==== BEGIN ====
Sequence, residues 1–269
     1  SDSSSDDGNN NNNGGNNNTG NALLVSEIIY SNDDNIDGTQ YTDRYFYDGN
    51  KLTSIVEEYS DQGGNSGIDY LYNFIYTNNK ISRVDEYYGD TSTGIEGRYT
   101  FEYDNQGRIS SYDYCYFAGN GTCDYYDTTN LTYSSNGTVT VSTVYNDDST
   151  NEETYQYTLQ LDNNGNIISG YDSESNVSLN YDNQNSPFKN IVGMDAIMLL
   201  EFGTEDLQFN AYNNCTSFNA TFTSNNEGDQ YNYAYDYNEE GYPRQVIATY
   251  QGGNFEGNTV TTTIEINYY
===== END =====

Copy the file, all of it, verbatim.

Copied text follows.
Sequence, residues 1–269
     1  SDSSSDDGNN NNNGGNNNTG NALLVSEIIY SNDDNIDGTQ YTDRYFYDGN
    51  KLTSIVEEYS DQGGNSGIDY LYNFIYTNNK ISRVDEYYGD TSTGIEGRYT
   101  FEYDNQGRIS SYDYCYFAGN GTCDYYDTTN LTYSSNGTVT VSTVYNDDST
   151  NEETYQYTLQ LDNNGNIISG YDSESNVSLN YDNQNSPFKN IVGMDAIMLL
   201  EFGTEDLQFN AYNNCTSFNA TFTSNNEGDQ YNYAYDYNEE GYPRQVIATY
   251  QGGNFEGNTV TTTIEINYY